SRLabs estimated RCS is already implemented by at least 100 mobile operators, with many of the deployments being in Europe. SRLabs said that all the major U.S. carriers—AT&T, T-Mobile, Sprint, and Verizon—were using RCS.

SRLabs didn’t find an issue in the RCS standard itself, but rather how it is being implemented by different telecos. Because some of the standard is undefined, there’s a good chance companies may deploy it in their own way and make mistakes.

“Everybody seems to get it wrong right now, but in different ways,” Nohl said. SRLabs took a sample of SIM cards from a variety of carriers and checked for RCS-related domains, and then looked into particular security issues with each. SRLabs didn’t say which issues impacted which particular telecos.

Read the whole article at Motherboard »

More » SRLabs, The Verge

Ryan Reynolds just bought Mint Mobile

Ryan Reynolds likes Mint Mobile so much that he bought it.

“While every other tech titan is off chasing rockets, I’ll corner the budget-friendly wireless sector. Like most people, I only use rockets 10-12 times a year but I use my mobile service every day.”

— Ryan Reynolds

November 25, 2019 Press Release

Mint Mobile, the wireless company offering carrier-grade service for a fraction of the cost, today announced actor, writer, producer and mobile phone enthusiast Ryan Reynolds has purchased an ownership stake in the company.

“It’s a bit unconventional which is why I like it,” said Reynolds. “Celebrities generally invest in high-end products like skincare brands or delicious gin companies. Yet Mint is making wireless way more affordable at a time when the average American is paying 65 dollars a month. I’m excited to champion a more practical approach to the most essential technology.”

“Mint Mobile’s consumer-centric approach and maniacal focus on generating consumer value has kicked Mint into hyper-growth mode,” explained Mint’s CEO David Glickman. “It’s fitting that the most disruptive wireless company is now owned by the most innovative marketer on the planet.”

Mint is able to offer premium wireless for as little as $15 a month by having no retail overhead costs and an innovative consumption model.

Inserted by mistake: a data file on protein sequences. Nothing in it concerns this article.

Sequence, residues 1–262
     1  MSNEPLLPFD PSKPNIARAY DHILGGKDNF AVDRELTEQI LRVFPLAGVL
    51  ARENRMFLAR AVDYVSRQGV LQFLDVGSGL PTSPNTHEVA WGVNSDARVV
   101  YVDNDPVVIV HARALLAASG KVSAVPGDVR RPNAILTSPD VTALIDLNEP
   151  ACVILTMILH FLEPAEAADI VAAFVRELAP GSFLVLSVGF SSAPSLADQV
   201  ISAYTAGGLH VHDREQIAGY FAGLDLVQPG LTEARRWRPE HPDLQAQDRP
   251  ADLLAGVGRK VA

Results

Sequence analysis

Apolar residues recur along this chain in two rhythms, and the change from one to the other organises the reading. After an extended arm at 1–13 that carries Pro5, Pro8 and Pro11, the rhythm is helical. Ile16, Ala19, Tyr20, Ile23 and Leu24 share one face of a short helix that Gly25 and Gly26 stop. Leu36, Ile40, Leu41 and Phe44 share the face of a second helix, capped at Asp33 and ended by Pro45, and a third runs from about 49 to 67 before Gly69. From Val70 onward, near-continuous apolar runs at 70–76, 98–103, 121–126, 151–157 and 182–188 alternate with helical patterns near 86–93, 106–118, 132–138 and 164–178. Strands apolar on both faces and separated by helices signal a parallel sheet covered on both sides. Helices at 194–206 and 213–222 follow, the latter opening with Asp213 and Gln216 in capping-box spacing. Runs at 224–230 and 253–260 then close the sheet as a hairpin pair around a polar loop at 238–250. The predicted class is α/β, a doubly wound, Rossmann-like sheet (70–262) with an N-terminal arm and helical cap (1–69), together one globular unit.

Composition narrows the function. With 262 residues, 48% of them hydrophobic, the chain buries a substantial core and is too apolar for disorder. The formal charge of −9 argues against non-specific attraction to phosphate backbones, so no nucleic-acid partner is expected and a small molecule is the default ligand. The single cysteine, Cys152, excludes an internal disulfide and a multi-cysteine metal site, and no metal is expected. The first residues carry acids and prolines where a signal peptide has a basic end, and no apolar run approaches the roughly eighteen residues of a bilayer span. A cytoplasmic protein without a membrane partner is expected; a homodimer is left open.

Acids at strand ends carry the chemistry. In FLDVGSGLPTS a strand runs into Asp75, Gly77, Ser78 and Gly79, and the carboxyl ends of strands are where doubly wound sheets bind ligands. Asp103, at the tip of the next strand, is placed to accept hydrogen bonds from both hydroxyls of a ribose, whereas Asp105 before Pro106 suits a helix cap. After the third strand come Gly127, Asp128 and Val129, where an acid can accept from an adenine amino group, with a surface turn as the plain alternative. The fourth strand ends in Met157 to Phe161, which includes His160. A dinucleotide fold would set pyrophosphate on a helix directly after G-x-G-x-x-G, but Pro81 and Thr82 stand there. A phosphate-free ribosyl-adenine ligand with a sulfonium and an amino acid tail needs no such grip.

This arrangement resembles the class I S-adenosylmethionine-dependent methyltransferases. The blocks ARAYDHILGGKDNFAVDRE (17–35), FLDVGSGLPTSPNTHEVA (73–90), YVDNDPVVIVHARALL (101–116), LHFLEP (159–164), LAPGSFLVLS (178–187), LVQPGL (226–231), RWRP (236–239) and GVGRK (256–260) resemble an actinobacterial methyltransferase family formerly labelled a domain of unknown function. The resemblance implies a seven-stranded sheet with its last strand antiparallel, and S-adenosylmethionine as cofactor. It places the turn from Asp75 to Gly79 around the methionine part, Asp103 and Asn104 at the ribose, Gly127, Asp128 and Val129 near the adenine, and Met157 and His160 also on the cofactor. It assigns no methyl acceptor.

In connection with the investment, Reynolds will help with Mint’s communications and marketing efforts as well as strategic decision-making.

About Mint Mobile
Mint Mobile is a mobile wireless provider that offers the absolute best prices for talk, text and data plans in the USA, on one of the nation’s most advanced 4G LTE high-speed network with no contracts and no overages. The service was developed in 2016 for the savvy internet shopper who is looking for wireless service at incredible value. With Mint Mobile’s Bring Your Own Phone (BYOP) program, customers can get Mint Mobile service instantly on their unlocked phone or they can buy the latest iPhone or Android with Mint Mobile Service, directly from

Indian-made iPhones will be exported

Apple is diversifying it’s manufacturing base.

India’s IT minister Ravi Shankar Prasad said today that Apple will expand operations in the country and confirmed previous reports that phones made in the region will be exported.

Ben Lovejoy »

Some Indian-made iPhones will be exported for sale in other countries, the government said today.

An unconfirmed report had previously suggested that a small number of iPhone 6 and iPhone 7 models were being exported from India to Europe, but the statement is the first official confirmation that this is part of Apple’s plans for the country…

Apple initially started with iPhone SE production in India for local sale, but it has been gradually expanding its assembly capabilities in the country. Reports indicate that at least five different models are being made in India:

iPhone SE
iPhone 6s
iPhone 7
iPhone X
iPhone XR

Read the whole article at 9to5Mac »

More » Reuters, AppleInsider, Times of India


Reuters » Apple supplier Salcomp to invest $279 million in new Indian plant

Finland’s Salcomp, a supplier to U.S. tech group Apple, is to invest 20 billion rupees ($278.67 million) in India to make mobile chargers and other smartphone components from March 2020, the country’s technology minister said on Monday.

Out of the box, a large number of preinstalled Android apps contain security holes

Researchers with Kryptowire found 146 vulnerabilities in various versions of Android smartphone firmware. The bugs and security holes were found by scanning the smartphones of 29 different hardware manufacturers.

Phillip Prado »

In a new detailed report, security firm Kryptowire revealed 146 different Android vulnerabilities across 29 various OEMs, including Samsung, Asus, Xiaomi, and Sony. Kryptowire discovered these with its in-house automated firmware scanning tools, and most of the affected manufacturers hail from Asia.